Torosay Castle was sold in 2012 and is no longer open to the pubic. The remainder of this page is as written before the sale took place, and is inevitably out of date as a result. The gardens are sometimes open.
Torosay Castle occupies a beautifully sheltered south-facing location on the north west side of Mull's Duart Bay. It lies just a mile and a half south east of the terminal for the Oban Ferry at Craignure. It can be reached by road or - uniquely on a Scottish island - by rail. The Isle of Mull Railway connects a station close to Torosay Castle with another on the point of land around Craignure Bay from the ferry terminal. Torosay Castle is one of the most welcoming and friendly of Scotland's great houses: and the combination of stately home and surrounding gardens (the subject of a separate feature page) mean that a visit to Torosay Castle is an essential part of any visit to Mull.
For many centuries all the land in this part of the Isle of Mull belonged to the Maclean's of Duart. However they forfeited their estates after backing the losing side during the first Jacobite uprising in 1689 and the Maclean lands ended up in the hands of the Dukes of Argyll. In the 1820s the then Duke of Argyll sold off some of the more far-flung parts of his landholdings, and Torosay and Duart ended up in the ownership of Colonel Campbell of Possil Park in Glasgow. Colonel Campbell immediately started to develop his new estate here, and work began on gardens and on a Georgian house that in 1829 stood on the site now occupied by Torosay Castle.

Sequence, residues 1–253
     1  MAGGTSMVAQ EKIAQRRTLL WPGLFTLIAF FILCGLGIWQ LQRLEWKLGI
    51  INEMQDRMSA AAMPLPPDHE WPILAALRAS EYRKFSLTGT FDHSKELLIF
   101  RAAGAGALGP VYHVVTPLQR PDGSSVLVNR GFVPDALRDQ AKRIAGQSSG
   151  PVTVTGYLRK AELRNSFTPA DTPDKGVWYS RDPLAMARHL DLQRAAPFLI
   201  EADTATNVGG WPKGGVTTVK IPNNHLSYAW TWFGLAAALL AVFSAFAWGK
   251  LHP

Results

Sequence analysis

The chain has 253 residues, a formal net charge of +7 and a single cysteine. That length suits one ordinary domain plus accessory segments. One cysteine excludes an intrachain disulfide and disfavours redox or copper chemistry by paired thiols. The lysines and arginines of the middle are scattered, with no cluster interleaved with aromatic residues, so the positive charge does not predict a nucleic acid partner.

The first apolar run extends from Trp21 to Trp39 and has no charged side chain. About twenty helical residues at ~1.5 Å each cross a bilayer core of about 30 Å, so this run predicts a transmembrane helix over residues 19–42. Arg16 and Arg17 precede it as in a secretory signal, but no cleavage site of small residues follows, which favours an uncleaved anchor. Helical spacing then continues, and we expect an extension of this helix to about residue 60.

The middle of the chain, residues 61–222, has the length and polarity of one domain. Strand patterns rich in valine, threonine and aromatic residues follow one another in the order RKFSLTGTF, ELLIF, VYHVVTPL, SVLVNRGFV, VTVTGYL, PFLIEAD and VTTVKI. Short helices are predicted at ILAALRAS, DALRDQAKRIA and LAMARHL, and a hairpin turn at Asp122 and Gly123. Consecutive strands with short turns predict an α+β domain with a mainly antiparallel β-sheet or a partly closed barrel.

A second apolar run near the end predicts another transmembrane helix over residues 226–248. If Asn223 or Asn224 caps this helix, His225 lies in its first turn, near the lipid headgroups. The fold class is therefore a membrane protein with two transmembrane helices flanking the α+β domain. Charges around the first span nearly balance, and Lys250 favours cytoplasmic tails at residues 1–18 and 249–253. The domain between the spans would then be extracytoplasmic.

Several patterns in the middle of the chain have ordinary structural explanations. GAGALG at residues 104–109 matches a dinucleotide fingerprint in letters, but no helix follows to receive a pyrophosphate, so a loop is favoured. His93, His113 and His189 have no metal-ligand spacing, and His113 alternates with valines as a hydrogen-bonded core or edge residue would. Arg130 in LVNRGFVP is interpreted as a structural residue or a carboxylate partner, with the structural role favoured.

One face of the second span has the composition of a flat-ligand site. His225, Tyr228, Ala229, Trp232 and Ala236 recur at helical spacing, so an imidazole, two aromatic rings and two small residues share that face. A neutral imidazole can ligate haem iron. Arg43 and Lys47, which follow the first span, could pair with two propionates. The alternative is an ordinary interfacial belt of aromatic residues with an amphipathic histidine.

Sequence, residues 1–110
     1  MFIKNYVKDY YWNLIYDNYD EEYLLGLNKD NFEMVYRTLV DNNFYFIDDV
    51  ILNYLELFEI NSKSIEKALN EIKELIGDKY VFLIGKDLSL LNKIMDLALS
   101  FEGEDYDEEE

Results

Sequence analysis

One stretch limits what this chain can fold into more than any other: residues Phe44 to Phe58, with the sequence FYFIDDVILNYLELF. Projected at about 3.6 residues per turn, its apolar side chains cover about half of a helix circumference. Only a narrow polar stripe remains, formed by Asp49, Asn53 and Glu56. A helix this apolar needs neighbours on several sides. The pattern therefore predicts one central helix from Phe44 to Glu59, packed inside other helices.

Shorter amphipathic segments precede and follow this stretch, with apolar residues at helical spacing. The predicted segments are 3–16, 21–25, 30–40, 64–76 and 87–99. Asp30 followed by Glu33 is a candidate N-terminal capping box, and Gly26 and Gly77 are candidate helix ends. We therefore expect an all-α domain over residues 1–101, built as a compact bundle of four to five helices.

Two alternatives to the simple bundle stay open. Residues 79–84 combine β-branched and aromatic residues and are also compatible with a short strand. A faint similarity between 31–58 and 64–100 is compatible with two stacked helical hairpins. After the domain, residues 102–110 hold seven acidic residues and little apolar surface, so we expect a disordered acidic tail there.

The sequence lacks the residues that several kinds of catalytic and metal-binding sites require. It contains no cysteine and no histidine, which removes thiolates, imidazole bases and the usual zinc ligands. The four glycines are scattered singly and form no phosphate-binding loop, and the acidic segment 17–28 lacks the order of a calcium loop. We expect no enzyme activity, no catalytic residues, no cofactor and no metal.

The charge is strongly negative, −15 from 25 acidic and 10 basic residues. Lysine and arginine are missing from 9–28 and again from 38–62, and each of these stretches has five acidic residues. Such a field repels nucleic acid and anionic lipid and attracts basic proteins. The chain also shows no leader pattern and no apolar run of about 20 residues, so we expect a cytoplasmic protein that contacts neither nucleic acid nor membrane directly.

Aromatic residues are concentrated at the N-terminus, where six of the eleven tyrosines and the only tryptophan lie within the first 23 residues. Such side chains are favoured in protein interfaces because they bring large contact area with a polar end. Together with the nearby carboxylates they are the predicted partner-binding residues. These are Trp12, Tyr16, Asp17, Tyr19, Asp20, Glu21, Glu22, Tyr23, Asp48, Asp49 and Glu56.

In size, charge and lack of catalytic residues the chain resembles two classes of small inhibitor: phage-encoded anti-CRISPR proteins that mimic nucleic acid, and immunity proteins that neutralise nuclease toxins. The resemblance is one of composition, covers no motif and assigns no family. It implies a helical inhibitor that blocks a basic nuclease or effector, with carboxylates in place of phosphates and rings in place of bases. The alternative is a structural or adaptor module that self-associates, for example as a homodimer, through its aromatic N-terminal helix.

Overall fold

In the 1850s Colonel Campbell's son John inherited the estate, demolished the Georgian house, and commissioned Edinburgh architect David Bryce to produce something on a much grander scale. What was called at the time Duart House was completed in 1858, but John Campbell was forced to sell it in 1865 after his business interests had been damaged by the American Civil War.
The house and estate was purchased by Arbuthnot Charles Guthrie, the great-great-great-uncle of today's 5th Laird of Torosay, Christopher James. The property proceeded to move around successive generations of the family, first to Arbuthnot Charles Guthrie's youngest nephew, Murray Guthrie, the great-grandfather of the current laird. His response was, briefly, to try to sell it before visiting and falling in love with Duart House.
In 1911, shortly before he died, Murray Guthrie sold the ruin of Duart Castle and Duart Point, on the far side of Duart Bay from Torosay, to Sir Fitzroy Maclean, 26th Clan Chief of the Clan Maclean. Sir Fitzroy immediately started work to restore Duart Castle to what you see today. Because of the confusion that would arise from having a Duart House so close to a separately owned Duart Castle, the Guthrie family called upon the pre-Reformation parish name of the area and renamed Duart House as Torosay Castle, which is what it has remained ever since.